Remote setups continue to define modern working practices going into 2023. Today, over 68% of the American workforce still wants to follow a fully-remote model, and companies should take advantage of this when looking to improve employee retention and job satisfaction.
To do so, you don’t need to rely on the same old best practices that defined remote work in past years. The technologies that make up the backbone of remote work improve all the time, and you can leverage these innovations to further enhance remote work for both your business and employees.
To give you an idea of what you can do, here are a few technologies with new applications that will further improve remote work in 2023.
When it comes to remote work, artificial intelligence (AI) is used to support and empower employees. They can use it to connect with their peers and higher-ups and accomplish work wherever they are — and in all these things, it can do tasks on its own to eliminate mundane and repetitive tasks from an employee’s normal workload. While some may worry that this means robots are coming to take our jobs, that doesn’t seem to be the case. Instead of eliminating the human factor from business operations, AI allows employees to better devote their time and energy to critical tasks requiring creative problem-solving and innovative thinking.
In this case, the new application here comes with the continuing rollout of 5G technology. 5G further enhances connectivity to get tasks even more efficiently, making AI-powered software even more useful for companies with hybrid work models or that need to work with teams scattered across the globe. That means better online collaboration, teleconferencing, and work flexibility, further minimizing the drawbacks of remote versus in-person work. This may be why the startup Cellwize — which deploys 5G connections through AI platforms — has found much success: it now has clients across the globe that benefit from its services and has even been acquired by Qualcomm Technologies.
Though usually utilized in video gaming and other forms of entertainment, virtual reality (VR) continues to make a name for itself in business. VR already has several unique use cases for remote work in specific industries. For example, real estate agents can remotely show homes to prospective buyers through virtual reality, and recruiters can interview applicants remotely. Engineers can also use computer-aided design tools to perfect designs through collaboration or individual work. Hyundai designers already use this technology, creating more streamlined workflows and allowing them to see how a car would look in various settings and lighting. With this, VR is expanding the number of careers where remote work can be utilized, allowing more employees to reap the benefits of this setup when it best suits them.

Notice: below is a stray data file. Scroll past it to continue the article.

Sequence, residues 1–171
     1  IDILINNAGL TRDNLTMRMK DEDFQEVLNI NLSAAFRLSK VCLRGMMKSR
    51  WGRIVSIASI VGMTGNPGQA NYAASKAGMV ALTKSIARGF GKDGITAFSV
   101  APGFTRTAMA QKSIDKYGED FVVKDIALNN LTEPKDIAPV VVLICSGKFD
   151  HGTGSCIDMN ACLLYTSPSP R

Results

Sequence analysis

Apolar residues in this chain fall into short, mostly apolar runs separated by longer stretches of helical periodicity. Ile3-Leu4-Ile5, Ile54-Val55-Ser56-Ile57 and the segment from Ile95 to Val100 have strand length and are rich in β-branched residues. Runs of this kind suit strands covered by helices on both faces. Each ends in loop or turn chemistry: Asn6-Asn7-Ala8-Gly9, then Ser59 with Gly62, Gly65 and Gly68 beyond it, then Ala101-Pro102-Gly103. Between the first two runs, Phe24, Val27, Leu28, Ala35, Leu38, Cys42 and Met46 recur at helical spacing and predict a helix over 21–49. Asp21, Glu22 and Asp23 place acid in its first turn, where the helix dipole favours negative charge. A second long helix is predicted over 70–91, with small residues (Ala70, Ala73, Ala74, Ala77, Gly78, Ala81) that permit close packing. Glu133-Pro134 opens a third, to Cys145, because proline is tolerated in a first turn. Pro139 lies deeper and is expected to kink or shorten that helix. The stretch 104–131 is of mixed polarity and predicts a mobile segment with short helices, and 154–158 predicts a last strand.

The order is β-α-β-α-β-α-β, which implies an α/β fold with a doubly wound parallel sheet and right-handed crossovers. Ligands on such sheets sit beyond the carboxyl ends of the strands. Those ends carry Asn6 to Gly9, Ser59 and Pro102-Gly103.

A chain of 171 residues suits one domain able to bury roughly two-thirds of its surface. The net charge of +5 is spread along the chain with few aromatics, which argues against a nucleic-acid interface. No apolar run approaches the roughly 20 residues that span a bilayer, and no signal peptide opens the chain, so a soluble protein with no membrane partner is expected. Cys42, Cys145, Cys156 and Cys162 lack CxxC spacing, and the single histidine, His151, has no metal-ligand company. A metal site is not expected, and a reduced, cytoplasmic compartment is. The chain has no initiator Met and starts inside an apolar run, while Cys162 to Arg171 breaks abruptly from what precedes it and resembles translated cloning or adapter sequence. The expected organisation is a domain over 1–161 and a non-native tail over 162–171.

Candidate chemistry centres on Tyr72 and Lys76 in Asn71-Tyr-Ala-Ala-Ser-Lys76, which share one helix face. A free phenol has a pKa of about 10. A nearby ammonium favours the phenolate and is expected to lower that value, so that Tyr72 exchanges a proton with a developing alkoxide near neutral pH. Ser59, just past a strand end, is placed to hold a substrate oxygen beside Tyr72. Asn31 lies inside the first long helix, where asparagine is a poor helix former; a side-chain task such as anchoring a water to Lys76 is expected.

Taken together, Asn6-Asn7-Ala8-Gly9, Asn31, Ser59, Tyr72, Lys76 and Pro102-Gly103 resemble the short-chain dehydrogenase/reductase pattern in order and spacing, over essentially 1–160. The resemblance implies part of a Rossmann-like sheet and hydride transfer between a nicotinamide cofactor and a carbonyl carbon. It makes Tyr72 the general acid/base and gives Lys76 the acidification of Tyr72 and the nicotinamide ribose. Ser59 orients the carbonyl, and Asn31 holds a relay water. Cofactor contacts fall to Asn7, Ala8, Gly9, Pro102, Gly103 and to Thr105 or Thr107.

Today, VR’s newer applications can potentially reduce remote work’s effects on an employee’s work-life balance and feelings of isolation — regardless of the industry they work in. For example, employees can use VR to emulate connecting with colleagues at work. VR devices can also display their work environment, whether an office desk or the beach. In this way, there is a visual difference between an employee’s work and home environments that can help them effectively “log off” from work at the end of the day.
Cybersecurity has long been a risk in remote work. With employees far from IT departments and using personal devices to work from home, cybercriminals are taking full advantage of opportunities to enact cyberattacks. In fact, more cyberattacks are targeting remote and hybrid teams using popular software, especially communication platforms like Slack and WhatsApp. As such, the best cybersecurity practices — such as using password managers, VPNs, firewalls, and antivirus and antimalware programs — are no longer sufficient.
This is where Zero Trust comes in. This relatively new cybersecurity strategy is gaining more traction thanks to its enhanced capabilities for security and scalability. Zero Trust follows the principle “never trust, always verify,” which means authenticated users are not necessarily granted access to all resources on a network. Instead, multiple authentication methods are used for better security. With it, businesses implementing remote work models need not worry about the possible compromise of employee or company data. One company that applies a Zero Trust approach to cybersecurity is Zscaler. It utilizes machine learning to manage access to networks, allowing remote workers to log on without friction while maximizing protection.
Remote work is here to stay. If you plan to improve how your business implements this setup in 2023, these technologies offer new applications to help you get started. For more tech updates, check out our technology articles here on ReportingHour.com.